On Family Programs
During my Emerging Museum Education Fellowship at the Hammer Museum I was fortunate to have the opportunity to develop and pilot a new program for families. I wanted to explore how museums can use mindfulness strategies to support family audiences and to empower them beyond their visit. With the goal of deepening collaboration and compassion among our multigenerational visitors, I proposed and implemented Art + Mindfulness, the Hammer Museum’s first mindfulness program designed specifically for family audiences, and co-presented with the UCLA Mindful Awareness Research Center.
Mindfulness is the practice of focusing on the present moment fully and without judgement. Programs centered on mindfulness have been increasing in museums, schools, and community centers across the country in recent years. Practitioners use the tenets of mindful living to reduce stress and anxiety, foster empathy, and positively impact people’s general state of mind. Programs are typically designed for youth or geared towards adults, such as the Mindful Awareness Meditation program that occurs at the Hammer every Thursday. For my pilot program, I wanted visitors of all ages to participate in mindfulness activities together.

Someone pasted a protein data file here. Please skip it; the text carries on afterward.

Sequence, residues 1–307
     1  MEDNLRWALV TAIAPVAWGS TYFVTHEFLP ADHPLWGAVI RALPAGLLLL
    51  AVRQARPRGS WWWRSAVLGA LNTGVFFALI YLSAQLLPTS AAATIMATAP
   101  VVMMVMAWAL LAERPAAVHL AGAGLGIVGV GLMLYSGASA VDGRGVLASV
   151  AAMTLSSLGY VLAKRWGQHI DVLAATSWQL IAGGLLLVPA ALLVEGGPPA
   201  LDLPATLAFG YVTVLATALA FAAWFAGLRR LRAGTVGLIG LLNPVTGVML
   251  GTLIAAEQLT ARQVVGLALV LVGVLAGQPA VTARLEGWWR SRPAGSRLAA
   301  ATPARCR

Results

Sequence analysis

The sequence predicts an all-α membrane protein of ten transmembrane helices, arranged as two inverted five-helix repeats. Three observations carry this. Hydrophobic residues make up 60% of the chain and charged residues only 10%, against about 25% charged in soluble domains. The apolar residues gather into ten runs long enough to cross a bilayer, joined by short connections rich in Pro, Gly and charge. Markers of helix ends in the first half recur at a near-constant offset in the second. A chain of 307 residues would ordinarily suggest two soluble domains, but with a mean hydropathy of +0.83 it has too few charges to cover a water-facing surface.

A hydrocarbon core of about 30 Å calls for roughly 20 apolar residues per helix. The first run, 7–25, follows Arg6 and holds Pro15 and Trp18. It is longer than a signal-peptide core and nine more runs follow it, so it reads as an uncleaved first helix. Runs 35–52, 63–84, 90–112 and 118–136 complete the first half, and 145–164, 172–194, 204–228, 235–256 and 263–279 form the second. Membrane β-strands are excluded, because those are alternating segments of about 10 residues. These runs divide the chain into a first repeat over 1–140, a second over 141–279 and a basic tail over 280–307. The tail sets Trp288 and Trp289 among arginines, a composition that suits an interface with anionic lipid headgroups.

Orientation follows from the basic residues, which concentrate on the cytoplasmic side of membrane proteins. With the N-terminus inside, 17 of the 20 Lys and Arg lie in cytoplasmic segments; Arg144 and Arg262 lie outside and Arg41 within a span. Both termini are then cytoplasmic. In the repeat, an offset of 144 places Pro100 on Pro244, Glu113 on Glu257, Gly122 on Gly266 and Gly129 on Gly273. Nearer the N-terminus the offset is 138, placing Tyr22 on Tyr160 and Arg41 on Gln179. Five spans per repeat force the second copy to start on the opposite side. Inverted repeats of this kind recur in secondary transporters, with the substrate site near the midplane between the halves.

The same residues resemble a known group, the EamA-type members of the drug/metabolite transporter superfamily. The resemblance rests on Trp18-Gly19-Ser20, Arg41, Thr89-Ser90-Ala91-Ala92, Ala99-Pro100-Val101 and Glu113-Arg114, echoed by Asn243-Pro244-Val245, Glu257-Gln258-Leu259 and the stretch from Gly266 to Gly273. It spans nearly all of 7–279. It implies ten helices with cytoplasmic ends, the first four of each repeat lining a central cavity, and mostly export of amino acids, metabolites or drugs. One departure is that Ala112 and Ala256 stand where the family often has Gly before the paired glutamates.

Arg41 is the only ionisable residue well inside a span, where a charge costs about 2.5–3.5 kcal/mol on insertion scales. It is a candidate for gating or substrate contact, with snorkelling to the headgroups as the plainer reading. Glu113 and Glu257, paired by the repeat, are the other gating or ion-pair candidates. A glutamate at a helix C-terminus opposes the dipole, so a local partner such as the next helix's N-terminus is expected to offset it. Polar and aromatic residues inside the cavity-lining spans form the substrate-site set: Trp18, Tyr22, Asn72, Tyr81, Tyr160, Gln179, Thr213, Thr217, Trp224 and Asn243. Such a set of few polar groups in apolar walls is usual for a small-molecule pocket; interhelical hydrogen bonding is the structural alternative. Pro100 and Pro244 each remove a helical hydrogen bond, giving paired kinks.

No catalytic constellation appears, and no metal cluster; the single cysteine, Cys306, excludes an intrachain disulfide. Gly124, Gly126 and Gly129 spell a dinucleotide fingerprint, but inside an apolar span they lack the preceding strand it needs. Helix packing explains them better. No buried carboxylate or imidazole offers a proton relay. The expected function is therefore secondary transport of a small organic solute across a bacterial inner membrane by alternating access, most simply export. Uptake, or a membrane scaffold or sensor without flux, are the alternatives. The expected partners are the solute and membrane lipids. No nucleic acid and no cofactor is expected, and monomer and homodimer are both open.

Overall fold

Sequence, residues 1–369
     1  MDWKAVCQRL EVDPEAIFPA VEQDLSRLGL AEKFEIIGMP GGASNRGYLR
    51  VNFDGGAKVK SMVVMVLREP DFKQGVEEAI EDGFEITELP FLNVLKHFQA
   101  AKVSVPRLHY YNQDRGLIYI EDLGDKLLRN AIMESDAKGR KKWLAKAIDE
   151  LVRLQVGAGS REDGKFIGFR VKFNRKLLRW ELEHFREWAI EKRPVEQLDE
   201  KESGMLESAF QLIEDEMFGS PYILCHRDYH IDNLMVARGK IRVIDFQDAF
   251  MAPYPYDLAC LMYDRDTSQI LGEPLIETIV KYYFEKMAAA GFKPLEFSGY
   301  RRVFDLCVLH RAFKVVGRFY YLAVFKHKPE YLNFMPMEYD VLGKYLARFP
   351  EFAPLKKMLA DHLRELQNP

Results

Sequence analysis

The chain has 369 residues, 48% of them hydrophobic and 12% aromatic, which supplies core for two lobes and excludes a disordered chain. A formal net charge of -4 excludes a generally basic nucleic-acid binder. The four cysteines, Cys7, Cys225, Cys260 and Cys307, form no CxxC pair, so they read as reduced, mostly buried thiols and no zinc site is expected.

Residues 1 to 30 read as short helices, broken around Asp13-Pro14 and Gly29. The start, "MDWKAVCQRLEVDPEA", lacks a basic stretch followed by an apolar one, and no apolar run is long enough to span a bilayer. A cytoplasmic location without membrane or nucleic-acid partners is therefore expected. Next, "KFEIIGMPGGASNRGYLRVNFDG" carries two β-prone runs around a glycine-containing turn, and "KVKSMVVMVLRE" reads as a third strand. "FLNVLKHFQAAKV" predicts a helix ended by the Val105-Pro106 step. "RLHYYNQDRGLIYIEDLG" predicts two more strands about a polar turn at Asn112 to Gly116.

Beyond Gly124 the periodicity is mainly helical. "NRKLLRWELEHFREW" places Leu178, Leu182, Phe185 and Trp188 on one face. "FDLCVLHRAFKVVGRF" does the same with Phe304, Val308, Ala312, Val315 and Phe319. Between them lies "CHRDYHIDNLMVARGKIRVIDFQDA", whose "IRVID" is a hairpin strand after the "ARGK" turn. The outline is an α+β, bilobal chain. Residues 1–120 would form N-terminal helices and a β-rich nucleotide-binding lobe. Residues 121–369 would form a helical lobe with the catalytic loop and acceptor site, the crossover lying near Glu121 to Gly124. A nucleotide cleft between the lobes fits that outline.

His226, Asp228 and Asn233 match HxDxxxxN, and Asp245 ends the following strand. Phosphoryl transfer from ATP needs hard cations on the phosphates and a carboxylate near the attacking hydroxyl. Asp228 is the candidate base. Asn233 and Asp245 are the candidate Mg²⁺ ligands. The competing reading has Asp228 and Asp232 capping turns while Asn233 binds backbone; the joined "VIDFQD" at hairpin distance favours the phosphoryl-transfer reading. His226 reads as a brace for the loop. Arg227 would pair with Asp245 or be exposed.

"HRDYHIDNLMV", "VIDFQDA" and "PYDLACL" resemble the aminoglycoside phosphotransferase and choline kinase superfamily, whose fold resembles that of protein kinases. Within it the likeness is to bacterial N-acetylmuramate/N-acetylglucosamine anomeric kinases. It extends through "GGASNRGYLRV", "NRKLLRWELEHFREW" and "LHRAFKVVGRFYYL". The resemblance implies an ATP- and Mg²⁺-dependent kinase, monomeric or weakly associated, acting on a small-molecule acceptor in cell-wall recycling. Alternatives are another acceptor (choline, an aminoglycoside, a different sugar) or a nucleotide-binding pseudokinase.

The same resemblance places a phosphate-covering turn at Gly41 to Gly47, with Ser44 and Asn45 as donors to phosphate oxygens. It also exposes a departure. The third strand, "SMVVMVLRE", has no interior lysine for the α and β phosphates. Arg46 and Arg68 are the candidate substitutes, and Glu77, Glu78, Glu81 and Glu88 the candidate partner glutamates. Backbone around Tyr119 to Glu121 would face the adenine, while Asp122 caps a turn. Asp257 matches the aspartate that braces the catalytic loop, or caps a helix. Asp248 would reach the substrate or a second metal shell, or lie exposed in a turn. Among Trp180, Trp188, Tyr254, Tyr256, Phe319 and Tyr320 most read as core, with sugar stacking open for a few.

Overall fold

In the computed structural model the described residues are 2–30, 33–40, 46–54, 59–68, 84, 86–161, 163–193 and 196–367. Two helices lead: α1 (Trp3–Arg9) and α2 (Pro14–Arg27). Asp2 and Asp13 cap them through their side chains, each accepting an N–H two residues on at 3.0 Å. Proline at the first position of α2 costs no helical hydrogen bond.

Art + Mindfulness took place on two Sundays in April. Families learned strategies for cultivating self-love and letting go of their inner critic through artmaking activities, and through mindfulness sessions in the galleries, which were led by mindfulness practitioners Tina Doley Carlson and Zoe Silverman. Families also experienced a work called Singing Posters by artist Allen Ruppersberg in a new way: not reading the words, but seeing them (what do you notice about the shapes of the letters? how do the words feel?). One parent told us that her 8-year-old daughter has reading challenges, and she said the exercise gave her a new perspective on her daughter’s reading abilities.
Let’s face it, it’s difficult not to be overwhelmed by the everyday strains and stresses that we experience in the sprawling city of Los Angeles, no matter your age. Making space for mindfulness on a family trip to a museum, however, can go a long way.